College radio classics: They Might Be Giants, “Don’t Let’s Start” (1988)

tmbg

(Above: This video spellbound me the first time I saw it.)

Among the bands I discovered in college that stayed with me after my college radio days ended, I’d have to put They Might Be Giants at the top of the list.

The hard part about this piece was “which song do I pick?” I mean, anything from 1990’s Flood LP would have been perfect.  This came out during my brief stint at WIUS-FM in Macomb, and I think we played the entire album on that station despite no real crossover hits. That’s the album that gave us “Birdhouse in Your Soul,” which is a song that I will still turn up to this day.  (I believe I once backsold it as “If The Walrus is Paul, then I want to be the blue canary by the light switch.”) Other tunes on it are timeless: to wit, “Your Racist Friend” is one that perhaps should make a comeback in the current climate. (For that matter, “Minimum Wage” usually makes me laugh as well, but only now that I earn a little better than that number.) It was also this album that turned me on to “Istanbul (Not Constantinople), originally a hit for the Four Lads and covered faithfully on this album. Eclectic is one word for this band, and it’s the word that drew me to them.  And yes, that video for “Istanbul” is from Animaniacs.  There was a whole episode of that show set to TMBG tunes, which should permanently cement the band’s coolness.

Lincoln also gave us “Ana Ng,” which is the number that MTV’s 120 Minutes played ad infinitum and gave the band huge exposure.  It contains one of my favorite lyrics ever: “When I was driving once I saw this written on a bridge/I don’t want the world; I just want your half.”  (I also vaguely remember a few of us pounding on desks in the WLRA office in unison, but I could be hallucinating that.)  For that matter, the poetry of “Purple Toupee” also sounds good at full volume, if for no other reason to see who looks up at the line about “sticking fingers in the President’s ears” and “that’s how they got Johnson’s wax.”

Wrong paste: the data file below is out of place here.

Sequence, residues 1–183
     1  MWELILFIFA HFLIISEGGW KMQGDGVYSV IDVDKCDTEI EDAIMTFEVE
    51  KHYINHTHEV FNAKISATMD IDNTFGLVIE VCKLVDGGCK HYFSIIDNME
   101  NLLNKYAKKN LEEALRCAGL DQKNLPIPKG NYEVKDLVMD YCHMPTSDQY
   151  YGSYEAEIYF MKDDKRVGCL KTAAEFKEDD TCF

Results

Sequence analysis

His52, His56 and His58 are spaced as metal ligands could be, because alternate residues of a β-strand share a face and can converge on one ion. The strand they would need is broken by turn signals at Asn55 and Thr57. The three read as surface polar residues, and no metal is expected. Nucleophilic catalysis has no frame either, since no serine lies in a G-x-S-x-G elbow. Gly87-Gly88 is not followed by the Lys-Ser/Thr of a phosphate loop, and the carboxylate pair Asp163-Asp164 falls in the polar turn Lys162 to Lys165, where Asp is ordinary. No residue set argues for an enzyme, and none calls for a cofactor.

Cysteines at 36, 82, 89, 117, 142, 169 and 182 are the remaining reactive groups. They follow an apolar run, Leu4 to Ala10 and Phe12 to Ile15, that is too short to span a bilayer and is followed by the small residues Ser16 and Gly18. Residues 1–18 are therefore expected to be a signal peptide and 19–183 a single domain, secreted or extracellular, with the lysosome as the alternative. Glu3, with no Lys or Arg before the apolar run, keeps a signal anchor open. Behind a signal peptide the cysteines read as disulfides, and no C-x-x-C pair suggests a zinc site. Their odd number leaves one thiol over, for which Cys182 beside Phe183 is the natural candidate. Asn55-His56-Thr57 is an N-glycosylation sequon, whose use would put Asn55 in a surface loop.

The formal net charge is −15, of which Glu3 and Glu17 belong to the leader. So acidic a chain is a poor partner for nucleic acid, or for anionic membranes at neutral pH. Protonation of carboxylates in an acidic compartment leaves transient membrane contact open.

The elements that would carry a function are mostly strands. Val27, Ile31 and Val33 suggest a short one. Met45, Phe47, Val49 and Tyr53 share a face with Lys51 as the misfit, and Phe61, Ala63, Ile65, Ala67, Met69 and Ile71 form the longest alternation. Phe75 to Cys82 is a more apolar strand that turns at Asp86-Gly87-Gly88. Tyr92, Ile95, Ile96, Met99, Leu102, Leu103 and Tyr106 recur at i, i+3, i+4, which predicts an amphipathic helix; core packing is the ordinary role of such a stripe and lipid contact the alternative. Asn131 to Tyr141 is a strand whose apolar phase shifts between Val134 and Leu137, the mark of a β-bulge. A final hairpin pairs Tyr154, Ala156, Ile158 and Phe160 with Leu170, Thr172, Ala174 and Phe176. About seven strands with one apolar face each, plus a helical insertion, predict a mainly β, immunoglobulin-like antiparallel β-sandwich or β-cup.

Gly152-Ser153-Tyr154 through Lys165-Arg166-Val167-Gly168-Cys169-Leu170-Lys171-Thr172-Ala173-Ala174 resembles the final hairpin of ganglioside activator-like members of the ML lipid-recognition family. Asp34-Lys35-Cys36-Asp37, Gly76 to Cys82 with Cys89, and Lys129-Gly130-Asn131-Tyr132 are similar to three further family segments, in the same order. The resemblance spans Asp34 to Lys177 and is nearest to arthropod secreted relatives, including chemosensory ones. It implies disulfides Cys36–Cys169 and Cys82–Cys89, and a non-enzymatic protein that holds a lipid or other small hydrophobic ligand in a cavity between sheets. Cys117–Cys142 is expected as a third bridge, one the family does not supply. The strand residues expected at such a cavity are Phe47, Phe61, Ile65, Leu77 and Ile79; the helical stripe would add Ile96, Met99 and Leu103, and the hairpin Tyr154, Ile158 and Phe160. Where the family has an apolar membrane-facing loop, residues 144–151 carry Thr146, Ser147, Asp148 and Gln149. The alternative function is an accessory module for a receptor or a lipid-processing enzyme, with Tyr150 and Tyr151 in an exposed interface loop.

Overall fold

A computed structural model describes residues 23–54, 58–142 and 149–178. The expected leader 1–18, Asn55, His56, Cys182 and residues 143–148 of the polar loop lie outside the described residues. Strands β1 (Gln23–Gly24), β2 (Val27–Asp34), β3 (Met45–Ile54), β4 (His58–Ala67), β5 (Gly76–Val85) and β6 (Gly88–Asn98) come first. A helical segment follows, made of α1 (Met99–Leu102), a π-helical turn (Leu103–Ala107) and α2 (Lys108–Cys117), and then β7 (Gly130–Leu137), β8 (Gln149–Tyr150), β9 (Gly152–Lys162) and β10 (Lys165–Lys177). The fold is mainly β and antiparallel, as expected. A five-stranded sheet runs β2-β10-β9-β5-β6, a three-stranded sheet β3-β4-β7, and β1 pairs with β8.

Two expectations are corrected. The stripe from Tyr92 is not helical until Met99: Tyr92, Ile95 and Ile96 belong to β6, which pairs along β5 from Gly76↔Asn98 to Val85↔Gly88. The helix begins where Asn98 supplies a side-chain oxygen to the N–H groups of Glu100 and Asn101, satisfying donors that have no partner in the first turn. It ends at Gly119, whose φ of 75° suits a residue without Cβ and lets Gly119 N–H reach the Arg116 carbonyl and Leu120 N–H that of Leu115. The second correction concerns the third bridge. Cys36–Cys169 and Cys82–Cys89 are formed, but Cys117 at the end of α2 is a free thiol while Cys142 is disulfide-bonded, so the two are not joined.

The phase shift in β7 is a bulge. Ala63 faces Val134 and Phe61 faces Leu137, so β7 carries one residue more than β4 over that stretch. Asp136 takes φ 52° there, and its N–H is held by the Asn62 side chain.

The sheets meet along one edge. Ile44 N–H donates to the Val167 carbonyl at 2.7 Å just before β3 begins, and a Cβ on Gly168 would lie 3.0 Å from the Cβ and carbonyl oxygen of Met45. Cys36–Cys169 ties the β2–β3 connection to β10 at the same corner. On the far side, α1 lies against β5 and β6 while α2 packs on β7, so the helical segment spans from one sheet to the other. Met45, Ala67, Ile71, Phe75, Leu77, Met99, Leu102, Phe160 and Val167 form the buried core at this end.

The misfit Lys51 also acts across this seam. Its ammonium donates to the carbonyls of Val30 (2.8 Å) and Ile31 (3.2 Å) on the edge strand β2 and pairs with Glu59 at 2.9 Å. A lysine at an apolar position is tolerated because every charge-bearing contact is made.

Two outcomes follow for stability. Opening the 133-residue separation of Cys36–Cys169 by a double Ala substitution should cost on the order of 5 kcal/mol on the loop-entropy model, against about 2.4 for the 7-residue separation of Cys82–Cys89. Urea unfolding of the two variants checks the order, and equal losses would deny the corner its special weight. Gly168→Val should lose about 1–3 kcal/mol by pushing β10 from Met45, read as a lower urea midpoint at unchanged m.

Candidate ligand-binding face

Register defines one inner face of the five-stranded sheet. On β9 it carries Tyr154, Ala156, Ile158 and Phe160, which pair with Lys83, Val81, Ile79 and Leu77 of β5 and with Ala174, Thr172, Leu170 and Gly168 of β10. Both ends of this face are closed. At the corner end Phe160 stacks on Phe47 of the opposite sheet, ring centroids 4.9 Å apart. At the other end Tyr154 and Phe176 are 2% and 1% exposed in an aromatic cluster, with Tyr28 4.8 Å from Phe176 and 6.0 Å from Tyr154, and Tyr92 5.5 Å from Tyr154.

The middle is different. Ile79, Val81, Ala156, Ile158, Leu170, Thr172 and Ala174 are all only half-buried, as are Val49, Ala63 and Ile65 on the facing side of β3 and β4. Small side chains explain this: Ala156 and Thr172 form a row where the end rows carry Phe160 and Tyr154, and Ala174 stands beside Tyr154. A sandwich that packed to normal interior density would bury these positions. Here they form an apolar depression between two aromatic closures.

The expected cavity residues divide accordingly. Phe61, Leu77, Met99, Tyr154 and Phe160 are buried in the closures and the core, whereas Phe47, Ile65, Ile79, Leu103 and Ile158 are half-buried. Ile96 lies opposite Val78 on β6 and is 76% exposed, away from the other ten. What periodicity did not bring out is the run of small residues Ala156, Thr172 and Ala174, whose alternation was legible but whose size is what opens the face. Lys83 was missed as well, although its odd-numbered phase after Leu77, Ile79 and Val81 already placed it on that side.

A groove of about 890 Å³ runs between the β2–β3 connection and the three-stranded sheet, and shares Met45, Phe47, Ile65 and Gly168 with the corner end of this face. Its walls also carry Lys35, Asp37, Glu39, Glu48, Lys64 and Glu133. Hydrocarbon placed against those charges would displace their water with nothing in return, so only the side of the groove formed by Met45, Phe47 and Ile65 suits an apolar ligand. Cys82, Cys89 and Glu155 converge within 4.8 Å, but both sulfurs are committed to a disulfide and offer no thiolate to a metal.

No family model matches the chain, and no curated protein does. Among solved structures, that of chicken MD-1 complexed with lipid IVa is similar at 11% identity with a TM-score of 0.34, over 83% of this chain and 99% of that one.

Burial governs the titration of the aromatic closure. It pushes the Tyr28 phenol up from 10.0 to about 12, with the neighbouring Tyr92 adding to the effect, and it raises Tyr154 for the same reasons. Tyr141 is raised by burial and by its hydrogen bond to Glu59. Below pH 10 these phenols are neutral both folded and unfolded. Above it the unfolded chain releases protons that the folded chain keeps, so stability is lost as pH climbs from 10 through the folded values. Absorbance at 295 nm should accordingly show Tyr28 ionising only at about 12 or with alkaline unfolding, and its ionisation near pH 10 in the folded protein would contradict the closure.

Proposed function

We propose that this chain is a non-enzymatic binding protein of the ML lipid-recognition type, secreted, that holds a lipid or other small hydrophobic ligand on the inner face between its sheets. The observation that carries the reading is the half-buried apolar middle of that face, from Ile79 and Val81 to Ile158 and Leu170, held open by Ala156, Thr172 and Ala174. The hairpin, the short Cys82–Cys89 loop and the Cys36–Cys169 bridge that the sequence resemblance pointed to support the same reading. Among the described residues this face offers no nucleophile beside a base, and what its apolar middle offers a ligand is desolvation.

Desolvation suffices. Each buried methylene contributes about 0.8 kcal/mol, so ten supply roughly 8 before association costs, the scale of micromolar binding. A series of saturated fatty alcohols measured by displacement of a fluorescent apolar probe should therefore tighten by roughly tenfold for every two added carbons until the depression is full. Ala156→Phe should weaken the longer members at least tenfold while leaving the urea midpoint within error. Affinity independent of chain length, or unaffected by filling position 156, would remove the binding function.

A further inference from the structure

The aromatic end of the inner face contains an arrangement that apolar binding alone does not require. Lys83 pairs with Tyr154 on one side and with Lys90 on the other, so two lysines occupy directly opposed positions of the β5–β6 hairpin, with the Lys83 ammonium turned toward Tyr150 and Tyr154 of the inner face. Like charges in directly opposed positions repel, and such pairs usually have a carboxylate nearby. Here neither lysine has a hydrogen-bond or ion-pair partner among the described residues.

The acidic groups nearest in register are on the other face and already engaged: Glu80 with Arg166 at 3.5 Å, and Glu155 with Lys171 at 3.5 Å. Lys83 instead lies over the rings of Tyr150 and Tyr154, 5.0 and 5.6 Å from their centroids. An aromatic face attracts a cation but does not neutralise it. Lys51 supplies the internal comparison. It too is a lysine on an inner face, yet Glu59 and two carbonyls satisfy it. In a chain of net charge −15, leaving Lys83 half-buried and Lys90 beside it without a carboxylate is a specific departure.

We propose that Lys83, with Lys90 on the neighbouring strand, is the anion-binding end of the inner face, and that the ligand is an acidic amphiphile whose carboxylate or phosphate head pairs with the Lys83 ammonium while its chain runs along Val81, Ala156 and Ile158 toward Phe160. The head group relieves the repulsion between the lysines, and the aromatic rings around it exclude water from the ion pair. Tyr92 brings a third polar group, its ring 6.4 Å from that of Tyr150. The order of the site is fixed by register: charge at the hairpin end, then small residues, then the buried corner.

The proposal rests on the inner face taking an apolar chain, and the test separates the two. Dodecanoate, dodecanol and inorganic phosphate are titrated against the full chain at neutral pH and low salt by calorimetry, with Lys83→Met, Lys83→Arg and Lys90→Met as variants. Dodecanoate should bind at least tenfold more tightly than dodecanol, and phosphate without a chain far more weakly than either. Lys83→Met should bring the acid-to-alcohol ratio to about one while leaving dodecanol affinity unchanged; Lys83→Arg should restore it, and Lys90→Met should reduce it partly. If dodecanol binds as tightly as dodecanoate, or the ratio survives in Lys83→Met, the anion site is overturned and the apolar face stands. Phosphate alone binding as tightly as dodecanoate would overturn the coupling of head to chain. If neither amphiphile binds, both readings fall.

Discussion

But the song that I found first – and the one I started working into college shows first – was “Don’t Let’s Start.” In the spring of 1988 I was watching MTV late at night – most likely 120 Minutes – and saw this video with two guys holding giant heads while a third guy was singing.  I had no idea who the guy (the giant head) was, but the image was rather striking.  And then the words got me.  I hadn’t heard anything quite like it in a long time, and immediately thought “I need this for my show.”  That meant a trip to the now-defunct Red Tower Records in Orland Park, IL, a store which was kind enough to offer all DJs 10% off purchases if  you kept your business card on file.  My 10% share alone was what probably drove the store out of business.  Of course, since the guys who ran the place were pretty hip (one was named Keg, for cryin’ out loud), they had the record I needed, and I bought it.  It’s one of the pieces that survived several dozen moves after college, and every so often I give it a spin – cue burns and all – and transport myself back to the days of playing something on the air simply because *I* liked it, and not worrying about how it “tested with a target demographic.”

Thanks to the Internet, I can now finally answer a question I had for years: whose head is it?  A wonderful TMBG fan site, “This Might Be a Wiki,” explains that the face in question belongs to William Allen White, editor of the Emporia (KS) gazette for almost fifty years. He’s a huge figure in the Progressive movement of the 1920s, and wrote a famous piece called “What’s the Matter with Kansas?”  This band requires that you read a little.

See how well the song tests with you.  You can hear “Don’t Let’s Start” by clicking here.

 

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One thought on “College radio classics: They Might Be Giants, “Don’t Let’s Start” (1988)

  1. Ah, TMBG. Saw them twice in college, including a really, really great show in the MIT gym, of all places. (Yup, MIT has a gym, and not surprisingly, the sound is quite good by college-gym standards.)

    They started wearing thin on me about a year after I graduated from college, and I put them on only very, very occasionally now.
    They sure could write a catchy hook, though.

    Like

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